Tuesday, April 14, 2015

Theodor Aman

Gipsy Girl
oil on canvas
size unknown
National Gallery, Bucharest, Romania

Theodor Aman (1831-1891) was a Romanian painter, engraver and art professor of Armenian ancestry. He mostly produced genre and history scenes.

His father was a cavalry commander. After displaying an early affinity for art, in 1850, he went to Paris. While there, he became part of the Romanian revolutionary circles. Three years later, he had his first exhibition at the Salon. After that, he went to Istanbul in an effort to sell some paintings to the Sultan and visited Sevastopol during the Crimean War, creating history paintings with themes related to Romania's nationalist aspirations.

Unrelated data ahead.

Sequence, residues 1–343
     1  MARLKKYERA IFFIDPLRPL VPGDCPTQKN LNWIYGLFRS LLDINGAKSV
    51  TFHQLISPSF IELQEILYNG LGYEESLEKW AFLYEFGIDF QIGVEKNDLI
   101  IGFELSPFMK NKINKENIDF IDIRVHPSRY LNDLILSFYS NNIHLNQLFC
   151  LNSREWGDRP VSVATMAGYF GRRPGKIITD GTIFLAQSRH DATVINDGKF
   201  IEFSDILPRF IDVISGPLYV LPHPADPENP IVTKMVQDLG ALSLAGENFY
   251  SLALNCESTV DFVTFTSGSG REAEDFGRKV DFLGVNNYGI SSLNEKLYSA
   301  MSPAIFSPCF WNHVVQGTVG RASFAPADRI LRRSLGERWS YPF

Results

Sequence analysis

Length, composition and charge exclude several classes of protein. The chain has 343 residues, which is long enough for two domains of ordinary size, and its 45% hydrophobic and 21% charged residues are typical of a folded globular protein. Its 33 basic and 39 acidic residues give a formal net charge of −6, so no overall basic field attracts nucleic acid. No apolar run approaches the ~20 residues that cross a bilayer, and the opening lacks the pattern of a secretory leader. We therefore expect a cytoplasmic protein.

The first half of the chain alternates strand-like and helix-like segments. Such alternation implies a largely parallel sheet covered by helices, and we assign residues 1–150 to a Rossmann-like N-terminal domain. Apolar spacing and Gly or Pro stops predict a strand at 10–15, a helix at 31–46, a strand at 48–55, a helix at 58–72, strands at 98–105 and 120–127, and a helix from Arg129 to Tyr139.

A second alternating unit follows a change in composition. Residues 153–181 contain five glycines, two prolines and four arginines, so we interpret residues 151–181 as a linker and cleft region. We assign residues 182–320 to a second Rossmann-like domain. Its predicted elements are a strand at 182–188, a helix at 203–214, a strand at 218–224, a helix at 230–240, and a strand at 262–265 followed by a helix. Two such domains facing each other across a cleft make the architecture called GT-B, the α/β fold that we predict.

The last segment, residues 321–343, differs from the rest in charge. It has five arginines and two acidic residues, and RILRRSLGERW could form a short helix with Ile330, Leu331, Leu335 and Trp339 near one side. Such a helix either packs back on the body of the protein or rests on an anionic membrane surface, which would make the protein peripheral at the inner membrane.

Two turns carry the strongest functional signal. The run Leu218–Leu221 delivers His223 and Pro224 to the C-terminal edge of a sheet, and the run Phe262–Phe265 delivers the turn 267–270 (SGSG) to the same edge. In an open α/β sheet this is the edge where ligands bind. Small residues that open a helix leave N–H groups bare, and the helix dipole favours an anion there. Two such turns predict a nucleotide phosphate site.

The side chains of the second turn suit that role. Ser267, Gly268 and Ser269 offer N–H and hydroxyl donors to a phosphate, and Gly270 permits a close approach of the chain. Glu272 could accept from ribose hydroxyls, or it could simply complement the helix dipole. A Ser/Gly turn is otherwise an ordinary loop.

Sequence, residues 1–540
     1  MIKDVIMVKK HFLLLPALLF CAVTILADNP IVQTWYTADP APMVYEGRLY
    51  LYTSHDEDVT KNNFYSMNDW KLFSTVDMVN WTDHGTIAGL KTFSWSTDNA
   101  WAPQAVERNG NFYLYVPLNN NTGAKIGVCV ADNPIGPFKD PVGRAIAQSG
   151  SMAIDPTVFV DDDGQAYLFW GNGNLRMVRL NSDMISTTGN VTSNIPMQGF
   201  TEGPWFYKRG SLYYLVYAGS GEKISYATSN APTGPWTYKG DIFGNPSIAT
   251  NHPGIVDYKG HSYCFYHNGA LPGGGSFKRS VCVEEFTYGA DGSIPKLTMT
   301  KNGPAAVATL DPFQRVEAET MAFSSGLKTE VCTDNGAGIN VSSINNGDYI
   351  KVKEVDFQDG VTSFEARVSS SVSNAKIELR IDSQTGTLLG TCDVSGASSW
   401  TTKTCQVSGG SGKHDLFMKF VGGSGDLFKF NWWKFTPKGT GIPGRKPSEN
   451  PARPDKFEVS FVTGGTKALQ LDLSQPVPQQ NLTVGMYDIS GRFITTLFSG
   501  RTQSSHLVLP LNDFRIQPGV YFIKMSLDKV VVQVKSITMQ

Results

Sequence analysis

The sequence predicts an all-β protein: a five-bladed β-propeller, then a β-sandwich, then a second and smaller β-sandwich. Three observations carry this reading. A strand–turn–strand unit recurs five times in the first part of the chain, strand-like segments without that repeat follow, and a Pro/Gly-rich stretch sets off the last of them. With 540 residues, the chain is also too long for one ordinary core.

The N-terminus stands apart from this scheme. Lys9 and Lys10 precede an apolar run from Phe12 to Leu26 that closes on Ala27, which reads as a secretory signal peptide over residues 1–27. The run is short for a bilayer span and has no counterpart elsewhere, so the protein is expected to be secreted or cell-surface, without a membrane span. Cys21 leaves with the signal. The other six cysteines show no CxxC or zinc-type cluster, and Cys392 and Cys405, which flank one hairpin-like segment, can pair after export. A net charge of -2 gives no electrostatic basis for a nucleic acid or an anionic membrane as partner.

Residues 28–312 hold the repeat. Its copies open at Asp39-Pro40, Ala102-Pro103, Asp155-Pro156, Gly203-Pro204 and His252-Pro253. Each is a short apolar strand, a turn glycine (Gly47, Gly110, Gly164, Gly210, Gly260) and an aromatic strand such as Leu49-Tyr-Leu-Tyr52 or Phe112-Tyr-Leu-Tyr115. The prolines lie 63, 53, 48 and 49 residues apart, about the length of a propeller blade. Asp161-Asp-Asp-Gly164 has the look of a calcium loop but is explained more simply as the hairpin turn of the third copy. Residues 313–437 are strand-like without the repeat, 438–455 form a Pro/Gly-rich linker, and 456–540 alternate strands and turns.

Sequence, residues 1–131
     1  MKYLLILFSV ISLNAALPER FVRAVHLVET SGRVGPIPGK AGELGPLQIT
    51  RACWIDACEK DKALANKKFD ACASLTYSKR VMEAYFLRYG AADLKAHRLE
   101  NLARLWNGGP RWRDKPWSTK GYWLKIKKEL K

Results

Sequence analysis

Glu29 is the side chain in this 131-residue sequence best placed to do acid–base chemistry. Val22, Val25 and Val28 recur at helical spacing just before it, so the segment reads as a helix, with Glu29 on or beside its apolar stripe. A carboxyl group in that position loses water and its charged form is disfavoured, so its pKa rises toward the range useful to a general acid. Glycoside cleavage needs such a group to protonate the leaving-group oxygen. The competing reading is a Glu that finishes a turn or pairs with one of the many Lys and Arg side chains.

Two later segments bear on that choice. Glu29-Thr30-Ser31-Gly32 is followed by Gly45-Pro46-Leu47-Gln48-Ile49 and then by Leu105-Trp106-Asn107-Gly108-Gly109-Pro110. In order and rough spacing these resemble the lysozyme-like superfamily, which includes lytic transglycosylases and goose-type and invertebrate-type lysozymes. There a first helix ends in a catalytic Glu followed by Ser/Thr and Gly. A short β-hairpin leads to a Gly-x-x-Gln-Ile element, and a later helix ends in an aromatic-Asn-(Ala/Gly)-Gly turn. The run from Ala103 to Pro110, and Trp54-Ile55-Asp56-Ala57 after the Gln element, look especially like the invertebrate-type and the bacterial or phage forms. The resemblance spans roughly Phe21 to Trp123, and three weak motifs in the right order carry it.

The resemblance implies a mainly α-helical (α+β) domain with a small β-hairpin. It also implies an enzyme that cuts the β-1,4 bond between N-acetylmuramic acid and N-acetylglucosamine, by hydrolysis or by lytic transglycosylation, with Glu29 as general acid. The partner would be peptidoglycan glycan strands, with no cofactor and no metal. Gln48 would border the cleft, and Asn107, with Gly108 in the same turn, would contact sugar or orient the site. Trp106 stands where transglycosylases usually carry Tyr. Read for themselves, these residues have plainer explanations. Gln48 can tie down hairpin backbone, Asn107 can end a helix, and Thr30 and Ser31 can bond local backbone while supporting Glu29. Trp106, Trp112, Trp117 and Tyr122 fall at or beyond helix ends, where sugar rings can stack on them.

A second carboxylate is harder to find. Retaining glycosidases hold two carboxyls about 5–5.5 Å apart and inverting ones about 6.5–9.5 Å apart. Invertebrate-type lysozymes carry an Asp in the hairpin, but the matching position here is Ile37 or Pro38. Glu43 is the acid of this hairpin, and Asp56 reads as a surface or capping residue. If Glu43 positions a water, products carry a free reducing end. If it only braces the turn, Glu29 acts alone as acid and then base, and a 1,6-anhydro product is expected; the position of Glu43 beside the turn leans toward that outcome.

In 1855, he presented one of his best-known works, depicting the Battle of Alma, at the Exposition Universelle. When he returned home, he was knighted and presented with a scholarship to continue his studies in Paris, where he came under the influence of the Barbizon school. After a brief stay in Rome, he returned to Bucharest.

In 1864, he and his colleague convinced Romania's ruler to establish the "National School of Fine Arts" (now known as the Bucharest National University of Arts). He was appointed its first Director and held that position until his death. In 1908, his home/workshop became a museum.